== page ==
â€śShe was from Woonsocket and you know that March was really all about getting to where we are today,â€ť Chaplin said. The city was a different place back then, and in some ways, with all the businesses open on Main Street and the opportunity for jobs, it was better off than it is today with its economic crisis , he said.
But in other ways, the cityâ€™s has improved from where it used to be, and that change has come in a world that is even more competitive and economically challenging, according to Chaplin.
The Arch could be viewed a symbol of the city moving forward, Chaplin said, for that reason he hopes it remains a bit longer.
â€śAt night, it is all lit up and it is really a pretty thing and I think they should make it as some type of permanent gateway into the city,â€ť Chaplin said.
The Arch may not get that permanent status just yet, but Albert G. Beauparlant, basking a bit on Friday in the success of the Block Party, said it will remain on display a while longer due to the interest in the structure.
Mayor Leo T. Fontaine has also received a letter from a couple who would like to be married under the Arch and there was plenty of additional talk about â€śwhat do we do with the Arch,â€ť on Friday, Beauparlant said. â€śSome people want to keep it up until Autumnfest,â€ť Beauparlant said.
The fountain that had flowed from the top of the scaffolding structure was taken down as part of Fridayâ€™s clean up work and the Blackstone Street blend under it reopened to traffic. Beauparlant said he plans to tighten up all the art panels for the next few days of display and is already working on holding a thank you cook out for all the volunteers and supporters of the block party next to it next week.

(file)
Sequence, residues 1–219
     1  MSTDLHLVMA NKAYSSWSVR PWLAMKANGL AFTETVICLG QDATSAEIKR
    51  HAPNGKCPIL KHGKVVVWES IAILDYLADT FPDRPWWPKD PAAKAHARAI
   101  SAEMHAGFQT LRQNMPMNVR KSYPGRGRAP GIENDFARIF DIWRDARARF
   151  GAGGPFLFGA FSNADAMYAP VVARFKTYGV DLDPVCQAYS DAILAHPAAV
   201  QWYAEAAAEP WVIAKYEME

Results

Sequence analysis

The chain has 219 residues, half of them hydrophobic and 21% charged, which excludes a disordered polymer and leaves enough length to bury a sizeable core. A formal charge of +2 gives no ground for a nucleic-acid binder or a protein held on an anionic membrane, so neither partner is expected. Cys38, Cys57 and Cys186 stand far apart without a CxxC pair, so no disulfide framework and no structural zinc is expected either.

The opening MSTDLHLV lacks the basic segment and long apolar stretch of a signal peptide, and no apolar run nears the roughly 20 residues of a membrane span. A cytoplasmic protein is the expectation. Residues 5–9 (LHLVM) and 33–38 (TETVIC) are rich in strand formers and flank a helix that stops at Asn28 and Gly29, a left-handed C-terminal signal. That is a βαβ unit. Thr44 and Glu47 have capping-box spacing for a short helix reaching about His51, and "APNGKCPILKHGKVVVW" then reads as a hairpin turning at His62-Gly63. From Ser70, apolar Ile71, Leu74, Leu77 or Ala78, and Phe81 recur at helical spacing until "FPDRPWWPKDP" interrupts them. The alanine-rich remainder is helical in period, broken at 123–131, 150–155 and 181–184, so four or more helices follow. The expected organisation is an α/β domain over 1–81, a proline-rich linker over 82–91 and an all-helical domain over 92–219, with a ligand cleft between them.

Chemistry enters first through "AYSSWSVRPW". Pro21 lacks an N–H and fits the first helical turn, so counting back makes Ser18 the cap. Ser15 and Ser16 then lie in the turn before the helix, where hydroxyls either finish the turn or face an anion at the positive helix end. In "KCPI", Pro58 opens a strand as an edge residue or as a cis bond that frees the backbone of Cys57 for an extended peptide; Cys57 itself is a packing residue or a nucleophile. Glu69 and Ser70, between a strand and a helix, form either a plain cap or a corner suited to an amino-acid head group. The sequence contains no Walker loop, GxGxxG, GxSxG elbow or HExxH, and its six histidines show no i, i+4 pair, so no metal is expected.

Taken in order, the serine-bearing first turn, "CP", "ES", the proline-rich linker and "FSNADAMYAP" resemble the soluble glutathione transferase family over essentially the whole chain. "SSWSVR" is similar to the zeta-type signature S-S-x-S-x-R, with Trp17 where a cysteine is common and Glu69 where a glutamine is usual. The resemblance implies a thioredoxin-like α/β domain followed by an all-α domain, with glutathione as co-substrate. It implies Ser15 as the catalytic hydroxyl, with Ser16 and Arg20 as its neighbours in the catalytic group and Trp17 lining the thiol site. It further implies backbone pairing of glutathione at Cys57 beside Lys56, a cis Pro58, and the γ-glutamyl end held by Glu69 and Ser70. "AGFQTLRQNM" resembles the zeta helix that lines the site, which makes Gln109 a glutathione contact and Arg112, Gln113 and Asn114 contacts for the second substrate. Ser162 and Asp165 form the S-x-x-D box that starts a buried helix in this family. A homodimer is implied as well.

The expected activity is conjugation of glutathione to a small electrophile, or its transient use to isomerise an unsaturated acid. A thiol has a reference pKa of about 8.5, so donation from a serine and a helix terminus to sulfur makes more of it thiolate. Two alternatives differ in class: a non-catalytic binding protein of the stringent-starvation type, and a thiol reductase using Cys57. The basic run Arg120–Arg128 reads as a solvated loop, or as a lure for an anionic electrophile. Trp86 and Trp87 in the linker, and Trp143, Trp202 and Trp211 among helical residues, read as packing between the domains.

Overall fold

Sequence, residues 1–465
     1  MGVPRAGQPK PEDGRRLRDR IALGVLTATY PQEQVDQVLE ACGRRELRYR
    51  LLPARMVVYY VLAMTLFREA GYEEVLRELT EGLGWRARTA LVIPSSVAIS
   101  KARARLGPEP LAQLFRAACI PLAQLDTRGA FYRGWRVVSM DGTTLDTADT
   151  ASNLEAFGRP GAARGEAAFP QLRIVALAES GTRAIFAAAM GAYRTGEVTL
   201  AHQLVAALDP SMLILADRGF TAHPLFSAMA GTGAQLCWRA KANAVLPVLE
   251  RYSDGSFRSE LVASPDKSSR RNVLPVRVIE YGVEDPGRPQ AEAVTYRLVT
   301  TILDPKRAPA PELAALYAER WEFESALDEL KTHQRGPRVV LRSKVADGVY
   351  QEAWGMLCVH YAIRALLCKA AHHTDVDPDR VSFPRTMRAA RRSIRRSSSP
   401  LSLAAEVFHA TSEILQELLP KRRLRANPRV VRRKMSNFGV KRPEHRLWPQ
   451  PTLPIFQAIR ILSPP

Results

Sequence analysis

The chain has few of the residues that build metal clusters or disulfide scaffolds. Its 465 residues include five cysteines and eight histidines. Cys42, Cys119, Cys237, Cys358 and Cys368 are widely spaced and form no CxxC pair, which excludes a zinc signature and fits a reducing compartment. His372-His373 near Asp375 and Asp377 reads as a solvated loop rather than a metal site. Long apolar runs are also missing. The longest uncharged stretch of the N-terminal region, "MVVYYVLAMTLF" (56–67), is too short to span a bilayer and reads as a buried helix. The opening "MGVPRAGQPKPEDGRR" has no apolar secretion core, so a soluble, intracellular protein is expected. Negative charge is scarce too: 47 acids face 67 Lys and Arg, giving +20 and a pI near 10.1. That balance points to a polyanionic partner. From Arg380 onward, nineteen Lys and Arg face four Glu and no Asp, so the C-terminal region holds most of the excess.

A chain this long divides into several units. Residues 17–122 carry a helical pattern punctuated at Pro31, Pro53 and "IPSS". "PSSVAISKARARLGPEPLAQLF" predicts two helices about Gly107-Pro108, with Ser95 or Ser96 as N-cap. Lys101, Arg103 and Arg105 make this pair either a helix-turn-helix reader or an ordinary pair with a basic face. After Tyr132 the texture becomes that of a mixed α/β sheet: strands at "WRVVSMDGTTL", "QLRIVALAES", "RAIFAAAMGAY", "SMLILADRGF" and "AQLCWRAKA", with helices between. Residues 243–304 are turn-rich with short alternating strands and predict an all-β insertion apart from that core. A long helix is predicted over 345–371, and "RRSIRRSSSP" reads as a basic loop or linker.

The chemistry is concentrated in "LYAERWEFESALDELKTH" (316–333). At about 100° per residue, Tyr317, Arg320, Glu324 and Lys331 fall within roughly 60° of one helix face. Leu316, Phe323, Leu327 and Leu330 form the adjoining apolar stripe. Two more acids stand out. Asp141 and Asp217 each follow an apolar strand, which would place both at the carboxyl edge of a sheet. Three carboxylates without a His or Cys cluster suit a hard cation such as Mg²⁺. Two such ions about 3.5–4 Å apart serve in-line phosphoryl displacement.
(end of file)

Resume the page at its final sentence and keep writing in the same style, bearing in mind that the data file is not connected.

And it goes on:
What was making him feel best on Friday was the knowledge everything had gone well on Thursday with very few glitches. The police department, which had put on 20 additional patrol members to provide security for the event both in the large crowd on Main Street, made only one arrest during the event, according to Police Department Det. Jamie Paone. A city man was arrested during the evening after he jumped into the pool located at the bottom of the Archâ€™s waterfall and initially refused to get out.
The man subsequently got into a scuffle with responding patrol officers and was charged with disorderly conduct and simple assault, according to Paone. Autumnfest will typically have several disorderly conduct or refusing to move incidents when it is underway, and as a result Paone said the Anniversary bash could be viewed as having gone very well with all the people that showed up at Main Street for the late afternoon and nighttime celebration.
Beauparlant said his best memory of this yearâ€™s Block Partyâ€™s came as the event closed after 11 p.m. and he and his wife took a golf cart ride up and down the venueâ€™s course. The coupleâ€™s daughter Ashley had been born after the city held its 100th Anniversary Block Party in 1988 and Beauparlant said that made the ride 25 years later one that would be hard to forget as the couple talked about the past 25 years. â€śPeople were coming up to us saying thank you Mr. Beauparlant for coming back to make this possible and that was really a memorable moment,â€ť he said.